Gamble: This season was very much about the Chatwins. We constructed Season 5 to bring you back to the story we started in Season 1 about this group of siblings and their relationship to Fillory and to each other and the ways in which their family legacy has hurt them and has estranged them from each other. So we brought you Plum (Riann Steele) and Rupert, and looking at it now, it’s sort of like, “Well, of course, the Beast would be behind some of the shenanigans and we’d get to see him one more time, which is awesome.” I couldn’t tell you who pitched it in the room, but as with many things that feel like no-brainers, by the time you get to them in an episode, they are the result of a lot of writers doing a lot of thinking and finally landing on that idea that I excites everybody.
McNamara: Plus, we love Charles Mesure. He was just a delight to work with, for the two seasons he was alive, and a hell of a singer too.
Was there ever the thought to bring Quentin (Jason Ralph) back for the series finale, considering how integral he was to the show, or did you guys not want to mess with his ending?
McNamara: I think there would have been a certain disingenuousness to that because the thing that made it, I think, the right decision… is that his death was real. And death, even in The Magicians, when you go to your final destination, you don’t come back. Look at kind of the theme of this season — it is Rupert trying to undo death, and that even in this universe, you don’t do that. There’s too huge cost. There’s too much deception. There’s too much self-deception involved. There’s too much collateral damage. And so for me anyway, I don’t think I’ve even articulated this before, but thinking about your question, you want things on the show to have stakes. And in order to have stakes, things have to have a finality and a reality to them. There’s got to be a reality that’s at least a mirror image of our reality. And one of the things you deal with as an adult as opposed to being a kid is people you love die and they’re gone forever. That’s something that was, I think, really important to me and Sera and Henry and the other writers. We’re not going to like trick our way out of this or fake our way out of this… We wanted this to be a fantasy about reality.
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Olivia Taylor Dudley, The Magicians
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I also want to talk about the destruction of Fillory because that was a huge thing to do. Why did you pick that as the place to end this series?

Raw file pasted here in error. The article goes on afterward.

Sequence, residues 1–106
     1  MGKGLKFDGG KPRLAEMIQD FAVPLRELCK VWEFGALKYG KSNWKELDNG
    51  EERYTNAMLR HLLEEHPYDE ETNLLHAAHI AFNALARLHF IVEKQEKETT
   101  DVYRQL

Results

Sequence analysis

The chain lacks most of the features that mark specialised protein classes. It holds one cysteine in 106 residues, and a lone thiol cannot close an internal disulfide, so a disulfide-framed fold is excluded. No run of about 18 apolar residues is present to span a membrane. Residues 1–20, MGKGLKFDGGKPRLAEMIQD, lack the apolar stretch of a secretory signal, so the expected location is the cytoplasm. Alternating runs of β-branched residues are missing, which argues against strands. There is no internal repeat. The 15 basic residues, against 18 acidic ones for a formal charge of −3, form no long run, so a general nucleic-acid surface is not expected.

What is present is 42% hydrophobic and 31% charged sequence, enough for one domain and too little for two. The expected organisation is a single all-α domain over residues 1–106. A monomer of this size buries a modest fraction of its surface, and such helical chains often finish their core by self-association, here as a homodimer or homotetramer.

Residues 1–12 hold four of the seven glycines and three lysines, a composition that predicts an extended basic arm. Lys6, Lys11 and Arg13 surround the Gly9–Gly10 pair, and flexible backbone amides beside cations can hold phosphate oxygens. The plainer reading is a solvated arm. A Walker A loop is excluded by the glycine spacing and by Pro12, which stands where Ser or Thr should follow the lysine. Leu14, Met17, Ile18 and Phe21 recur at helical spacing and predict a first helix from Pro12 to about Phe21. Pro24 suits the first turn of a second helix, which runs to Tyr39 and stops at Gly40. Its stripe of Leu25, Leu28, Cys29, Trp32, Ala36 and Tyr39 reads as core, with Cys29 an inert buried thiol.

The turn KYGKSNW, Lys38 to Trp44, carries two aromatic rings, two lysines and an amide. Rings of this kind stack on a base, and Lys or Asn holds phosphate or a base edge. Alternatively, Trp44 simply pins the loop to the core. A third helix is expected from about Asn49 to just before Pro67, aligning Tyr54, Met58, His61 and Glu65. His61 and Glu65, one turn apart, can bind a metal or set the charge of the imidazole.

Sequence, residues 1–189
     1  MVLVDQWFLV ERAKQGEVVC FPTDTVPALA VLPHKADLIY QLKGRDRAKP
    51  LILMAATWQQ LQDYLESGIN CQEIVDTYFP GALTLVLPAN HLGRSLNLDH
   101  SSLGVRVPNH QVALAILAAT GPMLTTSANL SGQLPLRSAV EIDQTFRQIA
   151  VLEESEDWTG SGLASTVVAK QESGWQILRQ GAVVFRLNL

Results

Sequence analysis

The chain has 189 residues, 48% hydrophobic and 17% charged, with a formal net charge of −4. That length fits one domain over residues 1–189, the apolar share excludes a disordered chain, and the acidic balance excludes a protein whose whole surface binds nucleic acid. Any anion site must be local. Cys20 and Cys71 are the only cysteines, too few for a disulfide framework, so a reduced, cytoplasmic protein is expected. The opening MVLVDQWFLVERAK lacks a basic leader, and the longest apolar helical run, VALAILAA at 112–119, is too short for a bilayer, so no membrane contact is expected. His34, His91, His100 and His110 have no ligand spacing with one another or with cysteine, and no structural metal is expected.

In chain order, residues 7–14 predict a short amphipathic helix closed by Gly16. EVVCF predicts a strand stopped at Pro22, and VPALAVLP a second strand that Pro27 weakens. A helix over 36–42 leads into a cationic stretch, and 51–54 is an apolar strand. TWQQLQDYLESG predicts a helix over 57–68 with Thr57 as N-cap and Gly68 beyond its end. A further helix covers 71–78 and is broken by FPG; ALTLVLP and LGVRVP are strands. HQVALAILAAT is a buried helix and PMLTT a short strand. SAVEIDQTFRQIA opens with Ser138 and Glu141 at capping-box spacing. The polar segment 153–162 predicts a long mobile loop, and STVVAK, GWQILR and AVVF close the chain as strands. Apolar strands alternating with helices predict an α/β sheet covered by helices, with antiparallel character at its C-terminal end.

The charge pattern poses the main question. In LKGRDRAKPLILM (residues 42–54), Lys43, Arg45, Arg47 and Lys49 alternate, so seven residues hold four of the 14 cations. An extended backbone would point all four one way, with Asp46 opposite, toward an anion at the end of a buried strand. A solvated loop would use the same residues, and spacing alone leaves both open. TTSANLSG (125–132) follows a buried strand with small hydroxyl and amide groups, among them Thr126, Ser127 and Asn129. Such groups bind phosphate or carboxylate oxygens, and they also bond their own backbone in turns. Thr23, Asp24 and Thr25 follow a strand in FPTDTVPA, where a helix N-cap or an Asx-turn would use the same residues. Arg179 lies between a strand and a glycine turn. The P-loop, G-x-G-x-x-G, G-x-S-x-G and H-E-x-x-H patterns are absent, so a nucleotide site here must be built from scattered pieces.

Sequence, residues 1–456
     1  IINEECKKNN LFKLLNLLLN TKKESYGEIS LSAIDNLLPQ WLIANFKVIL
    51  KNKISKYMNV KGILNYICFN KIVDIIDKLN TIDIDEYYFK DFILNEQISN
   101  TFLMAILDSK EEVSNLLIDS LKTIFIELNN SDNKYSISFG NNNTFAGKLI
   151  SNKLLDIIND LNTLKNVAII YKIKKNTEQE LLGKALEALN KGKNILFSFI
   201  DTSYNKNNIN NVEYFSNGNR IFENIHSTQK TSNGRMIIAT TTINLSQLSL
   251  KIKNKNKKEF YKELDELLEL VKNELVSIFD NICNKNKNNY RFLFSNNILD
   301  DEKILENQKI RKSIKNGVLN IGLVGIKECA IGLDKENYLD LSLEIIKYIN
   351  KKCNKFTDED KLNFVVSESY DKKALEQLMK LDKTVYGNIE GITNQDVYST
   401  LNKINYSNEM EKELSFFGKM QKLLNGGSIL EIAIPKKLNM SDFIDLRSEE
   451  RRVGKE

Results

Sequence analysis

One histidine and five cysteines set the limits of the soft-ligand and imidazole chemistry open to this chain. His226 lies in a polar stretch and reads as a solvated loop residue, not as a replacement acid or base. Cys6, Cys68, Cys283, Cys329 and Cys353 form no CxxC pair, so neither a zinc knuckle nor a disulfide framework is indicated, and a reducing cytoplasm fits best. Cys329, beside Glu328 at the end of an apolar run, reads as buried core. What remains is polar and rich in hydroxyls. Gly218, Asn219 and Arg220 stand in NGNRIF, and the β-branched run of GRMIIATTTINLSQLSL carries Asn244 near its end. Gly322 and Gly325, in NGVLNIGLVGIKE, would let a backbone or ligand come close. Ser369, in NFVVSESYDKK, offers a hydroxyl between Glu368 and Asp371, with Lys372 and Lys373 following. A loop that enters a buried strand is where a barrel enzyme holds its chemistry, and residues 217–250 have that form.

Gamble: Spoiler alert, it’s in Lev’s books [laughs]. It’s incredibly moving in the books. We talked about it for a long time. The show, in the last couple of seasons, has been very focused on telling a story about doing the right thing even at incredible cost. To us, this was the greatest cost. But it’s also a way to tell a story that I find very optimistic and kind of exciting, that’s about letting go of the old and opening yourself up to the possibility of creating something new, which I have to say gave me solace as I was co-writing what I felt was likely the last episode of the show — or not unlikely the last episode of the show. There’s a beautiful metaphor in that for the creative process… It was sort of sad and exciting at the same time. I was very curious to see what new Fillory would look like.
McNamara: There’s a distinct resemblance to Vancouver.
Do you guys have a character whose ending was your particular favorite?
McNamara: Are we allowed to say our favorite, Sera?
Gamble: I don’t think so. I mean, we are, we’re not allowed to talk about them publicly [laughs]. I’m happy with so many of them. I have to say my favorite line that a character got in the last episode is Zelda’s (Mageina Tovah) line. “Death is not the end, it’s a transfer to a new branch.”
McNamara: Great line.
Gamble: As a television producer in general, one of the most exciting and fun things about our job is that you don’t always write a role and know, “Okay, this is going to be Julia Wicker. She’s going to be massively important all the time for the series, and we need to cast a very accomplished, young actress to play this role.” Sometimes you just write a role for one episode called “Head Librarian,” and then you see what happens. That was true of Zelda, who didn’t even have a name in the past. That was true of Fen.
McNamara: Katy (Jade Tailor) was supposed to die in the pilot.
Gamble: Yeah, our early draft of the pilot had a Katy dying.
McNamara: Dean Fogg (Rick Worthy) was going to die. We were going to kill, like, everybody.
Gamble: David Call‘s character, Pete, was meant to just be there for a few episodes. Marina (Kacey Rohl) was originally just a couple-episode role. So celebrating sort of breakout characters who organically, as a combination of how much fun it is to write the character and then just how great the actor is, have inspired the room. There are really so many of them on this show, and we kind of brought back as many as we could justify in the last show.
McNamara: You know, you can only do that if you have an incredibly strong, multi-faceted group of regulars on the show. If your core ensemble is really strong, and there’s no one who’s a weak link — and I believe there isn’t the weak link in the original six that we cast. In fact, they just got better and showed more versatility and more talented things we had no idea they could do when we cast them. But what you then do is you raise the bar through them, and the other characters that now come in had better be interesting and they better really have their own voice and their own point of view. And you’ve got to cast as well as you possibly can. We got, I think, very lucky both in casting that core ensemble, but then building off that ensemble.
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Hale Appleman and Summer Bishil, The Magicians